1. Development of Probabilistic Risk Assessment Model for BWR Shutdown Modes 4 and 5 Integrated in SPAR Model

    SciTech Connect (OSTI)

    S. T. Khericha; S. Sancakter; J. Mitman; J. Wood

    2010-06-01

    Nuclear plant operating experience and several studies show that the risk from shutdown operation during modes 4, 5, and 6 can be significant This paper describes development of the standard template risk evaluation models for shutdown modes 4, and 5 for commercial boiling water nuclear power plants (BWR). The shutdown probabilistic risk assessment model uses full power Nuclear Regulatory Commission’s (NRC’s) Standardized Plant Analysis Risk (SPAR) model as the starting point for development. The shutdown PRA models are integrated with their respective internal events at-power SPAR model. This is accomplished by combining the modified system fault trees from SPAR full power model with shutdown event tree logic. For human reliability analysis (HRA), the SPAR HRA (SPAR-H) method is used which requires the analysts to complete relatively straight forward worksheet, including the performance shaping factors (PSFs). The results are then used to estimate HEP of interest. The preliminary results indicate the risk is dominated by the operator’s ability to diagnose the events and provide long term cooling.

  2. Regulatory cross-cutting topics for fuel cycle facilities.

    SciTech Connect (OSTI)

    Denman, Matthew R.; Brown, Jason; Goldmann, Andrew Scott; Louie, David

    2013-10-01

    This report overviews crosscutting regulatory topics for nuclear fuel cycle facilities for use in the Fuel Cycle Research&Development Nuclear Fuel Cycle Evaluation and Screening study. In particular, the regulatory infrastructure and analysis capability is assessed for the following topical areas:Fire Regulations (i.e., how applicable are current Nuclear Regulatory Commission (NRC) and/or International Atomic Energy Agency (IAEA) fire regulations to advance fuel cycle facilities)Consequence Assessment (i.e., how applicable are current radionuclide transportation tools to support risk-informed regulations and Level 2 and/or 3 PRA) While not addressed in detail, the following regulatory topic is also discussed:Integrated Security, Safeguard and Safety Requirement (i.e., how applicable are current Nuclear Regulatory Commission (NRC) regulations to future fuel cycle facilities which will likely be required to balance the sometimes conflicting Material Accountability, Security, and Safety requirements.)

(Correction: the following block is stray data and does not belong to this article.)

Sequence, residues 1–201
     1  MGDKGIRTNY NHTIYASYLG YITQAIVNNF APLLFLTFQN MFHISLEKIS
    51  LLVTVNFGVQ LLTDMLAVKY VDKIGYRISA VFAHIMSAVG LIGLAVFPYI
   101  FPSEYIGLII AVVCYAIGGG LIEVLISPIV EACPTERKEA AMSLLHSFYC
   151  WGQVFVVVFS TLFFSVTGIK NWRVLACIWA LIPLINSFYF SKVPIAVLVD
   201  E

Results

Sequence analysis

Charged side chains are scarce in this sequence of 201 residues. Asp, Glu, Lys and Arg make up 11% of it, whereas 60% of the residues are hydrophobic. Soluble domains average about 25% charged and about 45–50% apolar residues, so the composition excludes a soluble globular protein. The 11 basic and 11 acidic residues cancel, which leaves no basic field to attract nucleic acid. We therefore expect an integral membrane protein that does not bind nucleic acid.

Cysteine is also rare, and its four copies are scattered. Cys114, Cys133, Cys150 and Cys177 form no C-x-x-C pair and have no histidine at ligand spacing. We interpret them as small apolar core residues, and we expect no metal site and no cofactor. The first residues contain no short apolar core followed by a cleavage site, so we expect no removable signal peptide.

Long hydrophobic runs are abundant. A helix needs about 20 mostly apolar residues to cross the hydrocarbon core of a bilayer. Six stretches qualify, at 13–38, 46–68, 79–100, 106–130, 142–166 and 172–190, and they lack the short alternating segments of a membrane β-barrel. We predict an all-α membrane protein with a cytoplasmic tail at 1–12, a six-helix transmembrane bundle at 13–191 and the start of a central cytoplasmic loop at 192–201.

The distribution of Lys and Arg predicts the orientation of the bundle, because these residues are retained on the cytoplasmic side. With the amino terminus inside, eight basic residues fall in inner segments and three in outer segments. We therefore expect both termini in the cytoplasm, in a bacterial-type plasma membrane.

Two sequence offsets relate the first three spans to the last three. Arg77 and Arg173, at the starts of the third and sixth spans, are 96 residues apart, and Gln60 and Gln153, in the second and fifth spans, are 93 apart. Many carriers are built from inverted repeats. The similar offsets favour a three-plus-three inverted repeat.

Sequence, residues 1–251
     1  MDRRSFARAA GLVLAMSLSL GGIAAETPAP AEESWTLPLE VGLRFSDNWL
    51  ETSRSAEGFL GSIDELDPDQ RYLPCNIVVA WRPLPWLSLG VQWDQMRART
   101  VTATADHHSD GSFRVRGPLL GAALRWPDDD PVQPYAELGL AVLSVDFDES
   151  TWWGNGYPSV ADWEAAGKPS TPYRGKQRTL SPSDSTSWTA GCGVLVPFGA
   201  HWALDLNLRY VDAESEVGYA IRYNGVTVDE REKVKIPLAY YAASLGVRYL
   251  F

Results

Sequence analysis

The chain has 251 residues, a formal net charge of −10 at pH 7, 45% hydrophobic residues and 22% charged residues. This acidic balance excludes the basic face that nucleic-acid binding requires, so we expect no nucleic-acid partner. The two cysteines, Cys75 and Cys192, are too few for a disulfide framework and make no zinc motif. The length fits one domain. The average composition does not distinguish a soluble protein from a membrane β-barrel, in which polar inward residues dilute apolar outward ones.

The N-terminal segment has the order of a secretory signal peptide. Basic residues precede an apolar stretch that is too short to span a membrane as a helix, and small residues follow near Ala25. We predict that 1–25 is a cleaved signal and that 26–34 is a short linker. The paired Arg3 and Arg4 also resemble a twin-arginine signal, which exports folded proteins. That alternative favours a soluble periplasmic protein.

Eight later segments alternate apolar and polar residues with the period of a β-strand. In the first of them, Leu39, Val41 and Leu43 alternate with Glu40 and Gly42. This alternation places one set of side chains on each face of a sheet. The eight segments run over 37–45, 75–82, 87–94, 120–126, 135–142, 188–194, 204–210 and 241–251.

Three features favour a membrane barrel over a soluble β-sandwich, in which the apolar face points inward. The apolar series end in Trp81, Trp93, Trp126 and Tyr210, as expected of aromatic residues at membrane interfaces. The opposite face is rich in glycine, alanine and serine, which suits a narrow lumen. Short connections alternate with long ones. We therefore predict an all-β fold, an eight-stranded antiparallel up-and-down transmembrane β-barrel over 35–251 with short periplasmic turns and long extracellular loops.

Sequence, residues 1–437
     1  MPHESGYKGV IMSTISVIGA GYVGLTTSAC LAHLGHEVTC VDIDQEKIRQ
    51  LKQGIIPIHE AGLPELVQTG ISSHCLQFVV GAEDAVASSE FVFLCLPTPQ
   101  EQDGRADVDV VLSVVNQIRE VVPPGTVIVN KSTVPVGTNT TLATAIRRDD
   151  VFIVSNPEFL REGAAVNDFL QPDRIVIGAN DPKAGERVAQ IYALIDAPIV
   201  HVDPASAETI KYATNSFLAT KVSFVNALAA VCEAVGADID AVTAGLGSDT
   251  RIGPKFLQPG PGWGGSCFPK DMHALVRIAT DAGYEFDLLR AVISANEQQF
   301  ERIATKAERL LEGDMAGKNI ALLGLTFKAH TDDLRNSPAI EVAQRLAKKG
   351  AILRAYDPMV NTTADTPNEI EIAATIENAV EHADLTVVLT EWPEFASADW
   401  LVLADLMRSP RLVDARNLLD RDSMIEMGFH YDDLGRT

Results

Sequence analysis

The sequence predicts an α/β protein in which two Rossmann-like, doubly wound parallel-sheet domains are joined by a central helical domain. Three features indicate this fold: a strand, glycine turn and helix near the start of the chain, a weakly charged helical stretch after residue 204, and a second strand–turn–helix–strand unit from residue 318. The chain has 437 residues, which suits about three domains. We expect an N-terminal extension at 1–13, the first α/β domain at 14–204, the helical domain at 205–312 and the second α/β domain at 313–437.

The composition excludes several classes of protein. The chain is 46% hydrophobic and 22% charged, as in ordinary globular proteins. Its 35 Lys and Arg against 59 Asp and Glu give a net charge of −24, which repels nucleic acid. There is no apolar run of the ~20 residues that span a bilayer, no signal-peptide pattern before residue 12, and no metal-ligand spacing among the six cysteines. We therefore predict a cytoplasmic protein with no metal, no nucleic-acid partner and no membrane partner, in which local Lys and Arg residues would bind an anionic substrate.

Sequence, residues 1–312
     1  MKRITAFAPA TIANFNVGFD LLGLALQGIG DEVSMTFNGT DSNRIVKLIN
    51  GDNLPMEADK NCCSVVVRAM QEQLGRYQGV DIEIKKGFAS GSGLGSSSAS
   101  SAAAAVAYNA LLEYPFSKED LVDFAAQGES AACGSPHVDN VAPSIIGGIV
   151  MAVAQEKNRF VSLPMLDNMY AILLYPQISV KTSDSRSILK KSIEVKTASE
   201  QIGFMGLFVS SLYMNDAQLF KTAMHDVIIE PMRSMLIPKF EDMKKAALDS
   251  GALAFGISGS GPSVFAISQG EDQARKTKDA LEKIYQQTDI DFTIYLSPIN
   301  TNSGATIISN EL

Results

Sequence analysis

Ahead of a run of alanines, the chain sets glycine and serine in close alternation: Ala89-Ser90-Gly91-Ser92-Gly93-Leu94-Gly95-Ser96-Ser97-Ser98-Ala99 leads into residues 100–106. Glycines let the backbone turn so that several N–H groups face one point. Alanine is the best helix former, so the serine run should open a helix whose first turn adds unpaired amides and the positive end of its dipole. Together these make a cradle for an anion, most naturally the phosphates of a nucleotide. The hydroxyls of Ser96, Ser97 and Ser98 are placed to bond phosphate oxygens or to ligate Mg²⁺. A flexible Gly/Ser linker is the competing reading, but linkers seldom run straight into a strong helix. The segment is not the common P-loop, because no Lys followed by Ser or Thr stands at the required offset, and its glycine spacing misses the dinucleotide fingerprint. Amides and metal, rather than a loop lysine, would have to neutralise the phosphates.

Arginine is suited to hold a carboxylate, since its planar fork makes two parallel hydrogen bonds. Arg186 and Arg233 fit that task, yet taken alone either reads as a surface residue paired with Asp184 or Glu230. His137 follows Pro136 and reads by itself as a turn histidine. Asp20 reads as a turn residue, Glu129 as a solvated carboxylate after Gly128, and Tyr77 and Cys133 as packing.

3. FATE Unified Modeling Method for Spent Nuclear Fuel and Sludge Processing, Shipping and Storage - 13405

    SciTech Connect (OSTI)

    Plys, Martin; Burelbach, James; Lee, Sung Jin; Apthorpe, Robert

    2013-07-01

    A unified modeling method applicable to the processing, shipping, and storage of spent nuclear fuel and sludge has been incrementally developed, validated, and applied over a period of about 15 years at the US DOE Hanford site. The software, FATE{sup TM}, provides a consistent framework for a wide dynamic range of common DOE and commercial fuel and waste applications. It has been used during the design phase, for safety and licensing calculations, and offers a graded approach to complex modeling problems encountered at DOE facilities and abroad (e.g., Sellafield). FATE has also been used for commercial power plant evaluations including reactor building fire modeling for fire PRA, evaluation of hydrogen release, transport, and flammability for post-Fukushima vulnerability assessment, and drying of commercial oxide fuel. FATE comprises an integrated set of models for fluid flow, aerosol and contamination release, transport, and deposition, thermal response including chemical reactions, and evaluation of fire and explosion hazards. It is one of few software tools that combine both source term and thermal-hydraulic capability. Practical examples are described below, with consideration of appropriate model complexity and validation. (authors)